Maybe the laws of physics have remained constant (but maybe not?), but at the vary least God’s way of relating to the world and his people (which we sometimes call a “covenant”) changes as we move from one age to the next. So the two ages are different, and that difference is a sign to the scoffers and to the church that God is at work and will bring about his purposes and promises.
To be more specific: in this presentation I will argue that CMT does provide an efficient and non-redundant tool set for exegetical analysis of figurative language in Scripture. It does this in at least three areas. (1) Linguistically and anthropologically, it highlights structural patterns of human thinking and communication that establish continuity and connection between modern and ancient audiences. (2) Historically, it encourages the exegete to study and personalize the particular kinds of experiences that would have structured the original author’s conceptual world and how those experiences inform the metaphorical association under scrutiny. (3) Pastorally, it opens up opportunities to explore other possible metaphorical associations consistent with, but not explicitly affirmed by, the original author.
Doesn’t being “confessional” mean that certain kinds of questions are, by definition, verboten? Wouldn’t that in turn mean that academics in those institutions have to sacrifice the “science” of biblical and theological study upon the altar of confessional consistency? Not at all. I believe the opposite is the case.
We are confessional, which means we stand in the great tradition and ask “what’s next.” And we are Biblical, which means that when we ask that question we turn to the Word of Christ, working through the Spirit, and find it both fit and suitable for the building up of the church, for the race that we are called to run.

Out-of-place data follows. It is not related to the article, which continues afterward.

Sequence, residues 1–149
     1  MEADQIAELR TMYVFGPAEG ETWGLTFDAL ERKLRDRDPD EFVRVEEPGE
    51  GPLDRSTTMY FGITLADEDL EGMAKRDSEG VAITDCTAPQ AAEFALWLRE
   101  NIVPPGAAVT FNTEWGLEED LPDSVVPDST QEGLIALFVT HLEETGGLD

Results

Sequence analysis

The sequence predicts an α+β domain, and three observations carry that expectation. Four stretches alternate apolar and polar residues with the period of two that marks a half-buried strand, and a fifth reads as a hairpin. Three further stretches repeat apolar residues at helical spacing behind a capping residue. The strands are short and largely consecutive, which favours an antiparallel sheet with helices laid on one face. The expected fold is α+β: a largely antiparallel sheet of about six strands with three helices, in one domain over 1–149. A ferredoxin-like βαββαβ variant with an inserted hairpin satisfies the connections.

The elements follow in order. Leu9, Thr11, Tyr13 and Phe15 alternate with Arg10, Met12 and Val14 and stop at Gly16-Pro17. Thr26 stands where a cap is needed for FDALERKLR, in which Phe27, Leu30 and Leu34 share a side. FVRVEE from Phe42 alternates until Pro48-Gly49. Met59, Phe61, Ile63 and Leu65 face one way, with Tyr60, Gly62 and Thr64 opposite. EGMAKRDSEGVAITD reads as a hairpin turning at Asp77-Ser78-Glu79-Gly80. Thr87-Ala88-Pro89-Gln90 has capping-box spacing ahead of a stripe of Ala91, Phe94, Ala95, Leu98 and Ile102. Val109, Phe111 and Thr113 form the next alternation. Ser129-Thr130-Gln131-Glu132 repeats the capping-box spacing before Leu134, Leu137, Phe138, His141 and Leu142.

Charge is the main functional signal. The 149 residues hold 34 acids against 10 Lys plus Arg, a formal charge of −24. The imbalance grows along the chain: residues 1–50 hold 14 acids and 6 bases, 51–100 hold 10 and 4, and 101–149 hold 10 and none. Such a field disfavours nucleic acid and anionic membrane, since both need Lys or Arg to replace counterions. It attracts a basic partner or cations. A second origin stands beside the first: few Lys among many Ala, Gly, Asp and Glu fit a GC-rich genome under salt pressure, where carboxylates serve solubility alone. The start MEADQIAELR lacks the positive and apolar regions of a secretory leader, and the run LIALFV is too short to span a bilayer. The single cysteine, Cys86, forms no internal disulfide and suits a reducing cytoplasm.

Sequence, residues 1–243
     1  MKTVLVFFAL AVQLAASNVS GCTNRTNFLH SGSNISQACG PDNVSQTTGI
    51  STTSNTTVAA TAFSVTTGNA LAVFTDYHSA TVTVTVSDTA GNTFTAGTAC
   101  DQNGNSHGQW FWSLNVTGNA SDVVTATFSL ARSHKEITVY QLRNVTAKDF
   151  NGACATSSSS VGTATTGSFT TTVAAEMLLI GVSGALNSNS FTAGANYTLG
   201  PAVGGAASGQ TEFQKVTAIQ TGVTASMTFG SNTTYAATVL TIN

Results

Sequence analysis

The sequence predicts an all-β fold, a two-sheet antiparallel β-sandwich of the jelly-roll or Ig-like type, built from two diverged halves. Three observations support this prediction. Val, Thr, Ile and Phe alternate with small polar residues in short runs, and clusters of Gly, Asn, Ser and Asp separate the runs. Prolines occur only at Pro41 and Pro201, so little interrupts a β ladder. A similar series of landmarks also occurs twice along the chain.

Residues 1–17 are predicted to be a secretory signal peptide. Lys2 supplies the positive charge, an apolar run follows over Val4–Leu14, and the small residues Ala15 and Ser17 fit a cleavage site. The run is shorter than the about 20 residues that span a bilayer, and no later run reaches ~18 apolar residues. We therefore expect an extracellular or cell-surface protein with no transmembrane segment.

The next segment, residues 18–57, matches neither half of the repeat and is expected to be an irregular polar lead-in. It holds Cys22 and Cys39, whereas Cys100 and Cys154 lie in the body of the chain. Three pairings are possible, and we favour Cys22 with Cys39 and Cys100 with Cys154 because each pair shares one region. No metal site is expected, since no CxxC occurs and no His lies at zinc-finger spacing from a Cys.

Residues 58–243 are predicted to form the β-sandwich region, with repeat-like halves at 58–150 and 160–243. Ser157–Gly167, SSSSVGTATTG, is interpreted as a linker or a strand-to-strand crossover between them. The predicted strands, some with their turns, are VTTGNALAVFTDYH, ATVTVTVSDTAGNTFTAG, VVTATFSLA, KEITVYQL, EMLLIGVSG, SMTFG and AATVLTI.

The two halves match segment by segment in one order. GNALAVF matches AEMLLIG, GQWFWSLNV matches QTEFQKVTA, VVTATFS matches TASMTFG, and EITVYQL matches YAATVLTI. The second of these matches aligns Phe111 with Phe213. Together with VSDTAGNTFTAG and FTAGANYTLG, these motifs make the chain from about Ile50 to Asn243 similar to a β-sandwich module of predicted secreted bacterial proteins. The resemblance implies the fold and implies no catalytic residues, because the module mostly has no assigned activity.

The only way to keep your Greek and Hebrew is to read Greek and Hebrew. I think you probably already knew that was the answer. You just didn’t want to admit it. But the languages are just like everything else: if you don’t use it, you’ll loose it. So what we really need is not a trick or a gimmick, but a reading plan. In the rest of this post, I will offer two.
Pay careful attention to the opening section of any discourse. The first five minutes of a movie, the first chapter or so of a novel, the opening introduction of a sermon, the first paragraph of a newspaper article—all of these “first moments” are specifically designed to orient you to the thing that you are reading or hearing or watching. Remember, authors generally want to be understood, and because they want to be understood they want to set you up to read well.
Over the years we have trained ourselves to read the Bible in an unnatural way, so we’re going to have to break some bad habits. We are trained to read the Bible verse-by-verse, but in keeping with the “ordinary reading principle” we need to change our habits. We should ordinarily be reading the Bible paragraph-by-paragraph or, even better, book-by-book.